After the coup attempt, the prince and his wife were sent on a tour of Europe taking several months. They represented Japan at the May 1937 coronation of Britain's King George VI and Queen Elizabeth in Westminster Abbey and subsequently visited Sweden and the Netherlands as the guests of King Gustaf V and Queen Wilhelmina, respectively. This tour ended with the visit of Nuremberg in Germany by the prince alone. There he attended the Nuremberg rally and met Adolf Hitler, with whom he tried to boost relations. At Nuremberg castle, Hitler launched a scathing attack against Joseph Stalin, after which the prince privately said to his aide-de-camp Masaharu Homma: "Hitler is an actor, it will be difficult to trust him."[citation needed] Nevertheless he remained convinced that the future of Japan was linked to Nazi Germany[citation needed]; and in 1938 and 1939, he had many quarrels with the Emperor about the opportunity to join a military alliance with Germany against Great Britain and the United States.[citation needed]

Prince Chichibu Yasuhito was subsequently appointed battalion commander of Thirty-First Infantry Regiment in August 1937, promoted to lieutenant colonel in March 1938 and to colonel in August 1939. During the war, he was involved in combat operations, and was sent to Manchukuo before the Nomonhan incident and to Nanjing after the Nanjing massacre. On 9 February 1939, Chichibu attended a lecture on bacteriological warfare, given by Shiro Ishii, in the War Ministry Grand Conference Hall in Tokyo.[2] He also attended vivisection demonstrations by Ishii.[3]

In a book about Yamashita's gold, authors Peggy and Sterling Seagrave postulated that Prince Chichibu led from 1937 to 1945 what the authors called the “Golden Lily (Kin no yuri) Operation” by which members of the Imperial Household allegedly were personally involved in stealing treasures from countries invaded by Japan during World War II.[4] These allegations are contrary to the official version, as told in her memoirs by Princess Chichibu (Setsuko), according to which the prince retired from active duty after being diagnosed with pulmonary tuberculosis in June 1940, spent most of World War II convalescing at his villa in Gotemba, Shizuoka prefecture, on the eastern foot of Mount Fuji and never really recovering from his illness.[5] He was promoted to major general in March 1945.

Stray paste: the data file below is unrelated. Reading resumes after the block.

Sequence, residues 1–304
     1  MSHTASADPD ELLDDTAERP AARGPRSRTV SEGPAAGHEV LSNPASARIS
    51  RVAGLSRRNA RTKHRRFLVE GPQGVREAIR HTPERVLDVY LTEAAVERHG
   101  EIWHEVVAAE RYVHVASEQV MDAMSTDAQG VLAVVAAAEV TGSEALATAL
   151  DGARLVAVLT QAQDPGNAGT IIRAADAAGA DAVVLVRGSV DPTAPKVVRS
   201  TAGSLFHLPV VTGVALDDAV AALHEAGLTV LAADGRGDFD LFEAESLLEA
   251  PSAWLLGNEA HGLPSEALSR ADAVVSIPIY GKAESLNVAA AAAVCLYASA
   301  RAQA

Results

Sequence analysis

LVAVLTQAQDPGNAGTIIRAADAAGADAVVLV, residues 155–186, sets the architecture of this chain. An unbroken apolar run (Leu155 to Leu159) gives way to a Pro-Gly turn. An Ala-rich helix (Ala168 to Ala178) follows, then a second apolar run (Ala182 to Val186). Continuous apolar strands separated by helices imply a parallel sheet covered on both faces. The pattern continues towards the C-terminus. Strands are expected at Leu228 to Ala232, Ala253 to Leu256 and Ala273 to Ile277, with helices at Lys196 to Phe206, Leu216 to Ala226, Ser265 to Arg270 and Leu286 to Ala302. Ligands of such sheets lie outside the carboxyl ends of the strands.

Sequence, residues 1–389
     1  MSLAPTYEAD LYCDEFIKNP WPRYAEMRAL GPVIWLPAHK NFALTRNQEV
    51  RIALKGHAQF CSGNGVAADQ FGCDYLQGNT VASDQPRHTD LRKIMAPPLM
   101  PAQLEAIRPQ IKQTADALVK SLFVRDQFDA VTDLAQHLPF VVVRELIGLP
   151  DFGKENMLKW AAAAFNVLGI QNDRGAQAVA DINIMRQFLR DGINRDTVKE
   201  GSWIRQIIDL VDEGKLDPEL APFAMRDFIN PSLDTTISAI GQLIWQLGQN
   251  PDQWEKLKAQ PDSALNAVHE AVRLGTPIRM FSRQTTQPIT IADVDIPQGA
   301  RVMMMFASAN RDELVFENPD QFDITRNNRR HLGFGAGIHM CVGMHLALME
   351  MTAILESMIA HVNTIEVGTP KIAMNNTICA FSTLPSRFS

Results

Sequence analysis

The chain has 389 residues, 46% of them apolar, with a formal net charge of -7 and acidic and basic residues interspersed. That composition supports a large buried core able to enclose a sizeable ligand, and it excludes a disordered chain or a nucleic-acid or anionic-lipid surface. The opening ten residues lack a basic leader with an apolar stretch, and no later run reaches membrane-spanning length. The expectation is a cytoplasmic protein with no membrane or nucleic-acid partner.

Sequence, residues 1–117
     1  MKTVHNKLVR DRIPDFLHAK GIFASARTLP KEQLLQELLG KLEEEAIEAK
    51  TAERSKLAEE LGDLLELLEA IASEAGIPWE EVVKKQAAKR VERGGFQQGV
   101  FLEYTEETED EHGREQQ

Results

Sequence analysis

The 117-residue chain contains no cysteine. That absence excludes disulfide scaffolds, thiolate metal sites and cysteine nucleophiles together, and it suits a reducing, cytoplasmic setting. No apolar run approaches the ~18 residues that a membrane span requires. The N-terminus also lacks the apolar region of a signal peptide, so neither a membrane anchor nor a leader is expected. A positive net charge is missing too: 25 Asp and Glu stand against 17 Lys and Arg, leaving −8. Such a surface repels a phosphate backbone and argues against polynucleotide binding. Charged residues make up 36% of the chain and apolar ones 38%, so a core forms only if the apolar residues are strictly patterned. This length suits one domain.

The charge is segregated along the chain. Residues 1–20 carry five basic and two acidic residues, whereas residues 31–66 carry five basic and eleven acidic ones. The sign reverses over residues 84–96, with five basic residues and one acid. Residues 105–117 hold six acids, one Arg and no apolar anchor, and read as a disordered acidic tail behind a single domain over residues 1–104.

Patronage[edit]

After World War II, Prince Chichibu was honorary head of many athletic organizations, and was nicknamed the "sporting Prince" due to his efforts to promote skiing, rugby and other sports. He was also honorary President of both the Japan-British Society and the Swedish Society of Japan. He was a supporter of Scouting in Japan and had attended the Fourth International Conference in 1926.

Rugby union[edit]

Chichibu-no-miya Stadium, which is named after the Prince

The prince was also instrumental in securing the development of rugby union in Japan. He was "converted" to rugby after the JRFU president, Shigeru Kayama, returned from a long sea voyage and was able to "market" the game to Prince Chichibu.[6]

After his death, the Tokyo Rugby Stadium in Kita-Aoyama 2-chome was renamed Chichibunomiya Rugby Stadium. A statue of Prince Chichibu in rugby kit was erected there.

Death[edit]

Prince Chichibu died from tuberculosis at his Kugenuma villa in Fujisawa, Kanagawa on 4 January 1953. His remains were cremated and the ashes buried at Toshimagaoka Cemetery, Bunkyō, Tokyo, on 12 January 1953.

Titles and styles[edit]

Styles of
Prince Chichibu
Imperial Coat of Arms
Reference style His Imperial Highness
Spoken style Your Imperial Highness
Alternative style Sir
  • 25 June 1902 – 26 May 1922: His Imperial Highness The Prince Atsu
  • 26 May 1922 – 24 January 1953: His Imperial Highness The Prince Chichibu

Honours[edit]

National honours[edit]

Foreign honours[edit]

Ancestry[edit]

Notes[edit]

  1. ^ Peter Wetzler, Hirohito and War, University of Hawai'i press, 1998, p.189
  2. ^ Sheldon Harris, Factories of Death, 2002, p. 142
  3. ^ Sheldon Harris, Japanese Biomedical Experimentation during the World War II Era, in Military Medical Ethics, volume 2, 2003, p. 469
  4. ^ P and S Seagrave, Gold warriors, 2002, The Yamato Dynasty, 1999
  5. ^ Princess Chichibu, The Silver Drum, Global Oriental, 1996
  6. ^ Cotton, Fran (Ed.) (1984) The Book of Rugby Disasters & Bizarre Records. Compiled by Chris Rhys. London. Century Publishing. ISBN 0-7126-0911-3

References[edit]

  • Princess Chichibu. The Silver Drum: A Japanese Imperial Memoir. Global Books Ltd. (UK) (May 1996). Trans. Dorothy Britton. ISBN 1-86034-004-0
  • Fujitani, T. Splendid Monarchy: Power and Pageantry in Modern Japan. University of California Press; Reprint edition (1998). ISBN 0-520-21371-8
  • Lebra, Sugiyama Takie. Above the Clouds: Status Culture of the Modern Japanese Nobility. University of California Press (1995). ISBN 0-520-07602-8
  • Scouting Round the World, John S. Wilson, first edition, Blandford Press 1959 p. 67

Gallery[edit]